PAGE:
Adam Schacherer

Session 3
Board Number

Exotic Coccinellid Species Altered the Community Structure and Function of the North American Aphidophagous Coccinellid Assemblages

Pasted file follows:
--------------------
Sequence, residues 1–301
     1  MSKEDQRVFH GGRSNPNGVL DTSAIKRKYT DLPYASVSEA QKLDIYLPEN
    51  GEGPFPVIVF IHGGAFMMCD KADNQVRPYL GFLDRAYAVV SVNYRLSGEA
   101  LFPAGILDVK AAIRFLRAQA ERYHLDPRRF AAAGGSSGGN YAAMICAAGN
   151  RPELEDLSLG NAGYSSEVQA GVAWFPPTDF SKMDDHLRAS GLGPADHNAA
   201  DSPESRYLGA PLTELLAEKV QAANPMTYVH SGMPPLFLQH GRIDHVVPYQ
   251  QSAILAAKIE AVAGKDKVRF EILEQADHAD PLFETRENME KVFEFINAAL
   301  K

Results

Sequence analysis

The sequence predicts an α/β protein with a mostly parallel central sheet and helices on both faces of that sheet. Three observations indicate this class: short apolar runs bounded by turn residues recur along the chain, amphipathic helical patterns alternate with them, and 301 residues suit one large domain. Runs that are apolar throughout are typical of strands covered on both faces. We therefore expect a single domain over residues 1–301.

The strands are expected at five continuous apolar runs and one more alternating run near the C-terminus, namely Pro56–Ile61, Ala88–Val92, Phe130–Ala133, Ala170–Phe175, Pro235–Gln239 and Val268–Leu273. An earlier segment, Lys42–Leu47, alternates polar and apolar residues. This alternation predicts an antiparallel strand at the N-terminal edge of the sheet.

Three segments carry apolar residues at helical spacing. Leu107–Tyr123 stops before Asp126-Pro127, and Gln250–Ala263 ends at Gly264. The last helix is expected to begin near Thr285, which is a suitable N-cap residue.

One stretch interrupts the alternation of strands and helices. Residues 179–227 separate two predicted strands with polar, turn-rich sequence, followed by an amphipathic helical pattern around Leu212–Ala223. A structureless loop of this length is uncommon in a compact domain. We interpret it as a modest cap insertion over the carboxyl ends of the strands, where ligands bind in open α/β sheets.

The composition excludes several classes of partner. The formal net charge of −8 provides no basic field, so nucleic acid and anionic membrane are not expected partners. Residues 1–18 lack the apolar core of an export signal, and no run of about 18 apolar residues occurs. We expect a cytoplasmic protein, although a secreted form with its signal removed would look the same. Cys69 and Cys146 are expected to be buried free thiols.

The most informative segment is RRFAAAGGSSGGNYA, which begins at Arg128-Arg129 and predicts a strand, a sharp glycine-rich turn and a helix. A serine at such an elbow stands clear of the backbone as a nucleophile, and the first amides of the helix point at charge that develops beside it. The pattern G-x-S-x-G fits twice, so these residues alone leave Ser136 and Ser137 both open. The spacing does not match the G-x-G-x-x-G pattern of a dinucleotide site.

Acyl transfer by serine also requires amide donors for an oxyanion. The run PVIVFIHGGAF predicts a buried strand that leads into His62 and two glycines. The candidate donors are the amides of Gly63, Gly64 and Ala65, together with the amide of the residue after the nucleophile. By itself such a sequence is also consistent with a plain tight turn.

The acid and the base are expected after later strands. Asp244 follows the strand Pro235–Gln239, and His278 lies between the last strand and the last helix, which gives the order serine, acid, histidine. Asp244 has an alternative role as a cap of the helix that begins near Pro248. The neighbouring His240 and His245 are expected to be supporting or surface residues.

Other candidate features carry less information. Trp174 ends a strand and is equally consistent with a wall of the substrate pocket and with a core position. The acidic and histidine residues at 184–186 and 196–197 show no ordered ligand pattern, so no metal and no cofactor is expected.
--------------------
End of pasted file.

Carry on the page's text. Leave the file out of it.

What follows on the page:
Several species in the family Coccinellidae provide biological control services against aphid pests in agroecosystems. To maximize naturally occurring biological control, several aphidophagous Coccinellid species have been introduced beyond their native ranges into North America. Since the late 20th century, studies have documented an observable decline in several native Coccinellid species after the introduction of such non-native species. However, less is known about how consistent changes are to community composition, particularly across geographic areas and different habitats. Also unknown is how such changes impact potential biological control capacity of these communities. To examine this question, we collected papers ranging from 1913-2011 that quantified community compositions following the introductions of two primary species, Coccinella septempunctata (Linnaeus) and Harmonia axyridis (Pallas). An ordination approach was used to examine relationships among aphidophagous Coccinellid communities and quantify change to the communities after the introduction of these two non-native species. Our results show that the introduction of H. axyridis and C. septempunctata caused a significant shift in the native coccinellid community composition.This shift was due to the increased dominance of both non-natives across managed and natural systems and the significant declines in several native species. This decline was not consistent across native species, with some such as Hippodamia convergens (Guérin-Méneville) and Coccinella novemnotata (Herbst) showing significant decline and others such as Coleomegilla maculata (De Geer) remaining stable. While individual species changed in abundance, this composition change was not associated with a significant change in the relative biological control capacity of the community.